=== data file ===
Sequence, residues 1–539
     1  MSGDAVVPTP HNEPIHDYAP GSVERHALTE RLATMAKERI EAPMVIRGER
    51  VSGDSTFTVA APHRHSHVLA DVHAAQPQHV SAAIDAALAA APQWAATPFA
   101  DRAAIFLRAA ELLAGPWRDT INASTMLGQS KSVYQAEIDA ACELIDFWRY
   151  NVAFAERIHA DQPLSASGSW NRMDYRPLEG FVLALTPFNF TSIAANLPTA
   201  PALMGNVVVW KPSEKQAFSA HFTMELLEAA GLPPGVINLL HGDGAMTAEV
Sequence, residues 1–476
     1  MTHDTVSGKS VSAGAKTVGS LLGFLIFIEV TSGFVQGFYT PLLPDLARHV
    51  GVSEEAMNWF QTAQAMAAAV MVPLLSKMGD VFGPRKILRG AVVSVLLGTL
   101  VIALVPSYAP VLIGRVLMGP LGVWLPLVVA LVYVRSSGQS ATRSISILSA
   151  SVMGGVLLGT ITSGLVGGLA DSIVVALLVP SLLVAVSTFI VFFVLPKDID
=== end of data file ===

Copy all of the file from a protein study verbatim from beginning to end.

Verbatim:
Sequence, residues 1–539
     1  MSGDAVVPTP HNEPIHDYAP GSVERHALTE RLATMAKERI EAPMVIRGER
    51  VSGDSTFTVA APHRHSHVLA DVHAAQPQHV SAAIDAALAA APQWAATPFA
   101  DRAAIFLRAA ELLAGPWRDT INASTMLGQS KSVYQAEIDA ACELIDFWRY
   151  NVAFAERIHA DQPLSASGSW NRMDYRPLEG FVLALTPFNF TSIAANLPTA
   201  PALMGNVVVW KPSEKQAFSA HFTMELLEAA GLPPGVINLL HGDGAMTAEV
Sequence, residues 1–476
     1  MTHDTVSGKS VSAGAKTVGS LLGFLIFIEV TSGFVQGFYT PLLPDLARHV
    51  GVSEEAMNWF QTAQAMAAAV MVPLLSKMGD VFGPRKILRG AVVSVLLGTL
   101  VIALVPSYAP VLIGRVLMGP LGVWLPLVVA LVYVRSSGQS ATRSISILSA
   151  SVMGGVLLGT ITSGLVGGLA DSIVVALLVP SLLVAVSTFI VFFVLPKDID